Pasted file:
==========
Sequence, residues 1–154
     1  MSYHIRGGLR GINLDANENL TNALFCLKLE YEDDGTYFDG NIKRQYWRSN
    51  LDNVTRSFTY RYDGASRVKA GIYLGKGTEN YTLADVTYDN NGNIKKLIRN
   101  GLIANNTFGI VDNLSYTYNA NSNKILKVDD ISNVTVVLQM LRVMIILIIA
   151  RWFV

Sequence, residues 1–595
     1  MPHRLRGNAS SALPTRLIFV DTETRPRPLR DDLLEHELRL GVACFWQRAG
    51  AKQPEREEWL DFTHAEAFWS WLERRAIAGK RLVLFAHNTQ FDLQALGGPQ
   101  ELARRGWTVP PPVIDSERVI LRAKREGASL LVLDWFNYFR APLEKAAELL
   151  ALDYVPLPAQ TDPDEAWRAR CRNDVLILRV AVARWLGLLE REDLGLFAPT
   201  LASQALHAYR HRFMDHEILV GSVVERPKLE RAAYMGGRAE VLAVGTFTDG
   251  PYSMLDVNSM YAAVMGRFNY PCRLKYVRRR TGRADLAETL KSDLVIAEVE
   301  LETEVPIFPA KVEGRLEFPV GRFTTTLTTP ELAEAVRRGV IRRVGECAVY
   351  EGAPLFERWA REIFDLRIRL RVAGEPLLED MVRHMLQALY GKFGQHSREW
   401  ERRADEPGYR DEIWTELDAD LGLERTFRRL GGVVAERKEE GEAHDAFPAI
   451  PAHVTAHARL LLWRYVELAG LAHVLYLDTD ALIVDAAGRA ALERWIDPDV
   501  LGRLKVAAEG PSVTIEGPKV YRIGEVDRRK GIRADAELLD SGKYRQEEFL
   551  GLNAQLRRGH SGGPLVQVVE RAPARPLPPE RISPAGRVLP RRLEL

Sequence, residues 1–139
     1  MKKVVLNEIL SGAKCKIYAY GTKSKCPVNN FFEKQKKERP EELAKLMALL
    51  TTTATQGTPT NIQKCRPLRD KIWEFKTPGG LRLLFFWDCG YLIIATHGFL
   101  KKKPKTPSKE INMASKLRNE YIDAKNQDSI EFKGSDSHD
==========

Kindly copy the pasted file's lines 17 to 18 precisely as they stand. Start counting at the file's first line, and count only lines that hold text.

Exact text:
   501  LGRLKVAAEG PSVTIEGPKV YRIGEVDRRK GIRADAELLD SGKYRQEEFL
   551  GLNAQLRRGH SGGPLVQVVE RAPARPLPPE RISPAGRVLP RRLEL